poetryrepairs #207 14.12:135
ABIGAIL B. CALKIN : How Boys Become Men
GRAIG KURTZ : Lovers Tussle
poetryrepairs.com #198 14.03
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How Boys Become Men
When the soldier cries, he sheds no tears.    I.   Your mother thought you were a pyromaniac. A friend assured her all boys are until they turn into men who build good fires.  Watch him stand before his primal flame.    Home on leave, you had your 19th birthday in Iraq. You drive with an M-16 on the floor of the front seat leaning up against the passenger door.              Terrifying the town             But no one asks you why   You stop your car to talk to me. How good it is to see you, How's your family? You ask. How are you? I ask. I killed a 12-year-old boy.  It's good to be back.     I killed a 12-year-old boy.             I'm home for two weeks.               I killed a 12-year-old boy. I'm going to the park.    Home on leave.  A week ago you were in Baghdad streets shooting at people, being shot at.  You did not leave those streets when you stepped off the plane into the woods of Alaska.   What do you see behind the trees in the forests you played in as a boy?   You're 19.  I weep for you until you learn to weep for yourself. Till then, World, hold him in the palm of your heart.    II.   Your mother tells me you guard a colonel.  That must be safe, I reassure her. No one's going to let anything happen to a colonel.    Home on leave, you display six photos of buddies killed.  I sly a shot to your mother, mocking myself, as I slow my walk, Seeing I was dead wrong.    Shot glass in front of each photo.  You place the seventh glass —or is it the first— in the middle before the unit emblem.    You fill each one.  Down a toast for your comrades from the shot glass in the middle.  Go to the first photo. Say something about him.  Offer a silent prayer. Pour his shot on the ground.  Down the row in one more farewell to each.  I wish their families could see you honor them. I glance at my husband, a three-year two-war veteran— your mentor you say, calling your mother from Iraq for his phone number.  Tears brim his eyes.          I went to Russia and Ukraine a month later.  Told several in both countries.  Ah! The mothers nodded, That is how our soldiers honor their dead in the field and once home: Slavic tradition in a US Army platoon.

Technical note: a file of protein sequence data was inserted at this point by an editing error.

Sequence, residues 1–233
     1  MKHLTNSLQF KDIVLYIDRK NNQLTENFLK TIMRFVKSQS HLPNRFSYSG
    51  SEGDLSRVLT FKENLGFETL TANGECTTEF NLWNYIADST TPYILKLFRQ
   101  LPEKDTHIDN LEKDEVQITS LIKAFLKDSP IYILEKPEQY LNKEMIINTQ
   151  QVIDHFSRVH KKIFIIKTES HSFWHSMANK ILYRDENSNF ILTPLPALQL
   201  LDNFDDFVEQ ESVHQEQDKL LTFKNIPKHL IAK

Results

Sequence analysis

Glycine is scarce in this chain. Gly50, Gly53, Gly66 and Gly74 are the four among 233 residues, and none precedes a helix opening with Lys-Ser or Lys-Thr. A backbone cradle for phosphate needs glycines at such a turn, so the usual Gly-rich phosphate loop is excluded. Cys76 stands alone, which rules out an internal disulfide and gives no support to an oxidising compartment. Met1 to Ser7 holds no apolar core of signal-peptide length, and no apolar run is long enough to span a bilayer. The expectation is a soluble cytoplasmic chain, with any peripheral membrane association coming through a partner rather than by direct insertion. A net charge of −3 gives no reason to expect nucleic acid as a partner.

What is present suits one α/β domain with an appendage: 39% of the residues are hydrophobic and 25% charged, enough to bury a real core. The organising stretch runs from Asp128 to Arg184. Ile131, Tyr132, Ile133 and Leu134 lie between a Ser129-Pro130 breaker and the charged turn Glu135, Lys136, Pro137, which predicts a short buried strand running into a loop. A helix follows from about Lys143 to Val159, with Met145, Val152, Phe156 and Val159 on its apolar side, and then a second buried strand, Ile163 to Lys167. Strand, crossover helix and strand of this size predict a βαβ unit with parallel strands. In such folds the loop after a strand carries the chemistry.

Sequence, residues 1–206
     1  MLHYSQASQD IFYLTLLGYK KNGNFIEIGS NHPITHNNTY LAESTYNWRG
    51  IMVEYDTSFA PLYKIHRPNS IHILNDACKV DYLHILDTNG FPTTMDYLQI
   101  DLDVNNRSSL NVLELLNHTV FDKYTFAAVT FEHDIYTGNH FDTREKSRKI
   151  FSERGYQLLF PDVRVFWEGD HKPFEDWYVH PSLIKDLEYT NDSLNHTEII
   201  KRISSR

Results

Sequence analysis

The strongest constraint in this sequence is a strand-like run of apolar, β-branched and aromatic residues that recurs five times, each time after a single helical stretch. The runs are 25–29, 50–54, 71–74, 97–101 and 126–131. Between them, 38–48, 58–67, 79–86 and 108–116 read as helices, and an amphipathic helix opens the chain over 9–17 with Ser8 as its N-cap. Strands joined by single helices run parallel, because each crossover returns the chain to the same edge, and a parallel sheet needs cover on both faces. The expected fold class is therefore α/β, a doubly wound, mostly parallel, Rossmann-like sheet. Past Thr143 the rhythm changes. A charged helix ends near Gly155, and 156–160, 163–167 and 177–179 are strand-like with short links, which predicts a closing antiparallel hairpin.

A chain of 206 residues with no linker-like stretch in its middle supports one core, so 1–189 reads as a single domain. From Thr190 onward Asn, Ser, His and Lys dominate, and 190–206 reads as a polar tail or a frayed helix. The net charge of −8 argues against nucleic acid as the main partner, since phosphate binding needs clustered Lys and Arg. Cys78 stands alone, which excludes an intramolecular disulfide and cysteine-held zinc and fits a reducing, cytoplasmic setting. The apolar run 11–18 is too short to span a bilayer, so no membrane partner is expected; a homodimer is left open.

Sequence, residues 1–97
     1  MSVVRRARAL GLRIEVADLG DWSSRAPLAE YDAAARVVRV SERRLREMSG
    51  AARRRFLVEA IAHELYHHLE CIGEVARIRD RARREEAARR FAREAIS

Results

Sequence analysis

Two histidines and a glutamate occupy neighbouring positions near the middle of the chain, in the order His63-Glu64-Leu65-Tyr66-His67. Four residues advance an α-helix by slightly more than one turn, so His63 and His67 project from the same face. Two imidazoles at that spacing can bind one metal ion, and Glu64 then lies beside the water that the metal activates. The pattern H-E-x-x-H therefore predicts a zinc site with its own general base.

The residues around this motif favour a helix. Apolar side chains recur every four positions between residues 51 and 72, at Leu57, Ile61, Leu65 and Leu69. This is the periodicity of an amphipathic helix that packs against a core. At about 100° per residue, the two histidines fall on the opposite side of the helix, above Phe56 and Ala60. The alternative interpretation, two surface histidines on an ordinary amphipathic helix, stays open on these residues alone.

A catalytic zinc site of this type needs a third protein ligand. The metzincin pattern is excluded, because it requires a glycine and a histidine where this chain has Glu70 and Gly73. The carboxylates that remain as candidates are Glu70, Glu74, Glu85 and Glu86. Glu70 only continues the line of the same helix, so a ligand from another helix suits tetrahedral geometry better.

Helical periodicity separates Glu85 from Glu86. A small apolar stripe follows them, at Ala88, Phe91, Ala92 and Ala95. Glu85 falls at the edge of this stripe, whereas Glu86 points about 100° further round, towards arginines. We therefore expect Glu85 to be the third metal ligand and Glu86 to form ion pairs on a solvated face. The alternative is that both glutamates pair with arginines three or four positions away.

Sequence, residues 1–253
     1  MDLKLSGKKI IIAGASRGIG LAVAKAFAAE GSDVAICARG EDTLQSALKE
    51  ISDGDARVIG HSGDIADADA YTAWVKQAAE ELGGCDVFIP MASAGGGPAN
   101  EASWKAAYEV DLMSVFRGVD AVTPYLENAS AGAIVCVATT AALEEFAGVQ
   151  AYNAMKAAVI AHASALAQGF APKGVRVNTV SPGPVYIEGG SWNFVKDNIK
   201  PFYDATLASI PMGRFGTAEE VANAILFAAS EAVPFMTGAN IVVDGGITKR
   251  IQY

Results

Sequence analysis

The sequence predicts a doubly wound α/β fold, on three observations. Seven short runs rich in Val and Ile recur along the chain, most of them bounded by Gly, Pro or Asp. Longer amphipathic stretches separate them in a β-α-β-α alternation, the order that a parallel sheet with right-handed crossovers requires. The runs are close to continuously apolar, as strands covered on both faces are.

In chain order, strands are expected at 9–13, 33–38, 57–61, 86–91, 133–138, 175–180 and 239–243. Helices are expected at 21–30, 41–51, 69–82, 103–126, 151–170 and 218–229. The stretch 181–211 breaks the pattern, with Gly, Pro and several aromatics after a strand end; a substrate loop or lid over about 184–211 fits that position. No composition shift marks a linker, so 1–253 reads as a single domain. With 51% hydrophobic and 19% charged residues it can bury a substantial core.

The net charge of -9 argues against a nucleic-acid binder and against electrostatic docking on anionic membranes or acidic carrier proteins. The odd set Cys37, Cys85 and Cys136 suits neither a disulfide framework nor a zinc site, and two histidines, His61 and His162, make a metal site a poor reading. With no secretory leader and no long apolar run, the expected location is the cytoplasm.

poetryrepairs #207 14.12:135

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Lovers Tussle
I won’t kiss you ’til we quarrel; I want to know that you fight fair and strong and long, with love; so the worst of you accords with your best that I adore. Let us tussle, then rebound refreshed for tempests much more kind, not less profound.

poetryrepairs #207 14.12:135

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poetryrepairs.com #198 14.03

page 025
C.J. MARECIC | Glavni Kolodvar [Zagreb Train station]
SHERY MaBELLE ARRIETA | Blocked, Stumped, and Stuck
page 026
HAL SIROWITZ | The Moving Dinner
CRAIG KIRCHNER | Sickness Unto Death
page 027
JOHN GREY | Hawk Devouring a Pigeon
page 028
L. WARD ABEL | A God Reminded
REID BAER | Fully Present Pioneers
ANJANA BASU | Night Wind
page 029
DAVID FRASER | The Room Where Sometimes in the Silence Love Can End
RICHARD FEIN | Filling in Last Clues
ANJANA BASU | Orange Stein
page 030
S MINANEL  | Nature's Balancing Act
AZZA EL WAKEEL | A Gypsy in a State of Love
C. J. MARECIC | Chrysanthemums
page 031
LAURIE CORZETT | In the Details
DIANE PAYNE | Grieving in Peace
D,B, COX | Road like a Rover
page 032
STEPHEN MEAD | He's Fairly Young
JOHN HORVATH Jr | Our Heroes
D. B. COX | The American Traveling Circus
page 033
ELIZABETH KERLIKOWSKE | Alternative Medicine
ROBERT FEIN | All Night Talk Radio
JAN OSCAR HANSEN | Men Overboard
page 034
WILLIAM DORESKI | Dickens and Nabokov on Beheading
KIRBY WRIGHT | Black Point, Oahu 2004
page 035
KIRBY WRIGHT | Gretchen on the Beach
JEAN HULL HERMAN | The Widow's Reply to her Psychiarist
page 036
JEAN HULL HERMAN | Murphy at Thanksgiving
poetryrepairs.com #198 14.03

poetryrepairs #207 14.12:135

Poetry endangers the established order
of the soul - Plato

REPAIR: resort, frequent or habitual going; concourse or confluence of people at or in a place; making one's way; to go, betake oneself, to arrive; return to a place; to dwell; to recover, heal, or cure; to renew; to fix to original condition. -- O.E.D.

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ABIGAIL B. CALKIN : How Boys Become Men
GRAIG KURTZ : Lovers Tussle
poetryrepairs.com #196 14.03

thank you for reading poetryrepairs #207 14.12:135
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